As can and does happen in historic aviation, the weather can often put an end to best laid plans. Travelling great distances to watch old aeroplanes, particularly pre-WWII types, fly is always a challenge. Frustratingly, though most days I was in the states, even on the East coast, the weather was quite pleasant. That was until the day I was due to enjoy the WWI air display at Old Rhinebeck of course!
A pleasant drive upstate from New York City culminated with a sign on the fence explaining that the airshow was cancelled, as it turned out due to cloud cover (annoyingly, the wind was non-existent!). However, always looking for a silver lining, the museum was still open as was the airfield, offering a chance to enjoy one of the premier pioneer and WWI flying museum’s in the world.
walking up the dirt track from the car park to the museum hangars you are presented with four distinct hangars. The main museum hangar is a more modern building and contains a number of “Golden Age” types as well as some First World War and earlier. Highlights in this hangar included a Deperdussin Monoplane and a Nieuport that appeared to have been simply rolled in once it stopped flying some decades ago and put on display. The clear signs of castor oil and mud really added to the immersion of this collection with clear signs that whether active at this time or not, these aeroplanes have been kept to fly.
The other three hangars are of more in keeping construction and hold three eras of aviation. The pioneer hangar contains a number of pre-ww1 machines. The WW1 hangar holds the formerly airworthy Sopwith Camel and Fokker Triplane that are instantly recognisable to anyone who has spent time watching old footage of the aerodrome. Also on show is a Fokker Eindecker replica with an interesting wing fold arrangement.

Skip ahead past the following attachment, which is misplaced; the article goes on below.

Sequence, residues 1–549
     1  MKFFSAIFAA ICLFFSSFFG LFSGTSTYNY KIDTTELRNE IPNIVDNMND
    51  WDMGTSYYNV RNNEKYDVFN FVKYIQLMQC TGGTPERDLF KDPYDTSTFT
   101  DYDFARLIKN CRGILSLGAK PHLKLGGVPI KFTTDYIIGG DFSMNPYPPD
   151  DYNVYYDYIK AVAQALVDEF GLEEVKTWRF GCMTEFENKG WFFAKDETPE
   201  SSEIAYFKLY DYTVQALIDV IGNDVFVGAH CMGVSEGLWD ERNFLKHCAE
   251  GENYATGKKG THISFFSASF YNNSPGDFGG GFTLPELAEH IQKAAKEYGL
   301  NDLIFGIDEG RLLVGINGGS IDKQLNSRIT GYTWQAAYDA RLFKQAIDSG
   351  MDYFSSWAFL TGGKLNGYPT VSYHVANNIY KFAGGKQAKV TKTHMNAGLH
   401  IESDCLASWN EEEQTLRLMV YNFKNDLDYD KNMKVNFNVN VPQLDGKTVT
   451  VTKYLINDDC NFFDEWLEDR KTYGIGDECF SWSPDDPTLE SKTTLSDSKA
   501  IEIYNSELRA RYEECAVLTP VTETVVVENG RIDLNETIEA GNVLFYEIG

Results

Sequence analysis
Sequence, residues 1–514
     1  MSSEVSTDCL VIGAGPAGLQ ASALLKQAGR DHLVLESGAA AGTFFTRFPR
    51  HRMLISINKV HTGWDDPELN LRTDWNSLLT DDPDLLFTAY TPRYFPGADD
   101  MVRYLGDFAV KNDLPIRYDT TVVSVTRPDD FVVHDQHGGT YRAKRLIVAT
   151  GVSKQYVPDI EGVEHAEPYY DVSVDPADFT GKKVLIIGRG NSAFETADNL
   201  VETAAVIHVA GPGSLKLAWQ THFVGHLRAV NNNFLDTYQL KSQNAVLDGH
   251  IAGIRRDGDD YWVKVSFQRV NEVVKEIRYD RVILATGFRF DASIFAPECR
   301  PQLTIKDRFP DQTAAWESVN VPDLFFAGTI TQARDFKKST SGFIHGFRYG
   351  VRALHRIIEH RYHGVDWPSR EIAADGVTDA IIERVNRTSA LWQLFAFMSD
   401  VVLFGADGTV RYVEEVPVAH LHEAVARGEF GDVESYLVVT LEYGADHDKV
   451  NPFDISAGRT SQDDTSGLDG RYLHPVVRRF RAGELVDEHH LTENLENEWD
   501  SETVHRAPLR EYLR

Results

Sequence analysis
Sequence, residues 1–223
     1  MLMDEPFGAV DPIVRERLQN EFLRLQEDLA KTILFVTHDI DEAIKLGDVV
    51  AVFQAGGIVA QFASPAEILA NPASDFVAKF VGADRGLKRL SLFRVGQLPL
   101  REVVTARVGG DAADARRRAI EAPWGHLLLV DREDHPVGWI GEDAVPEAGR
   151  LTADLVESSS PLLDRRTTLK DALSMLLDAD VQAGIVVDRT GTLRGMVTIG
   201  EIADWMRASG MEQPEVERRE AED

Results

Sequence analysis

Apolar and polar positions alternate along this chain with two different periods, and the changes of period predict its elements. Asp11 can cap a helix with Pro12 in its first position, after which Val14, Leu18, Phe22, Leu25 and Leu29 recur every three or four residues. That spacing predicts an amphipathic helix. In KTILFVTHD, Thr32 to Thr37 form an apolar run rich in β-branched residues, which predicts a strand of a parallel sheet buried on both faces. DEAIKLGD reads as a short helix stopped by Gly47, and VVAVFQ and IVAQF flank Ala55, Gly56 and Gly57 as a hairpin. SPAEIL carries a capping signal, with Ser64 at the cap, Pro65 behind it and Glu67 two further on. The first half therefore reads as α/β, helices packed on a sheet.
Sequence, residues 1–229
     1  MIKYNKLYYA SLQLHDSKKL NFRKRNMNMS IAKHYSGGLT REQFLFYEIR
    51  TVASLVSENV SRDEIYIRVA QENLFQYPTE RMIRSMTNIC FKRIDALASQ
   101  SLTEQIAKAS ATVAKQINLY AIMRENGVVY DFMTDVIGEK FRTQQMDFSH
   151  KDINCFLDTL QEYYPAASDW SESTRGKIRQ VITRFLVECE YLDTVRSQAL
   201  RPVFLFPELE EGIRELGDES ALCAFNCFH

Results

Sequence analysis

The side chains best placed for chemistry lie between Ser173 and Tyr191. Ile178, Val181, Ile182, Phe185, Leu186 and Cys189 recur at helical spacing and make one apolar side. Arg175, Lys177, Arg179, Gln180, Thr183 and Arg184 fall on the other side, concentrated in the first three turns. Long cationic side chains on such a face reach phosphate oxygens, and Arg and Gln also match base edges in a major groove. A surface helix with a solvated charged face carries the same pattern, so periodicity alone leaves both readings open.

Finally, the interwar hangar contains gems such as an Aeronca C1 and other sport aviation types.
With the museum hangars complete it was time for a walk round the airfield site. Walking through the iconic welcome sign you are soon greeted by the airworthy pioneer types, which, like many of the airworthy aircraft spend the summer months in open fronted hangars. The sight of the Bleriot, Curtiss Pusher and Antionette was quite remarkable, before I walked over to the airside fence.
What really struck me was how strange an arrangement the airfield is. The real scale of the hills at either end of the runway and the degree of the bend towards the far end is remarkable, not to mention the complete surround of the trees. It must present a real challenge for pilots.
I was able to catch a glimpse of the aerodrome’s superb Spirit Of St Louis replica before its hangar closed which was a nice surprise.
Rather amusingly, the “AVRO” hangar currently houses three of the four airworthy German types. The DVII Replica and current Fokker Triplane were at the front of the hangar, with the Albatros in behind.
Other WW1 highlights on show were the Spad VII and Fokker DVIII (only viewable from a distance across the runway) and the approaching completion Sopwith Dolphin (which looked great!).
Further down the airfield the mock village used as part of the WWI set piece theatre was clear to view as was the simple grandstand seating that you can imagine is well filled on a better weather day.
Though a short and damper visit than intended, I count myself lucky to have visited Old Rhinebeck and will hang on to my airshow tickets “Rain Checks” and hope to one day return!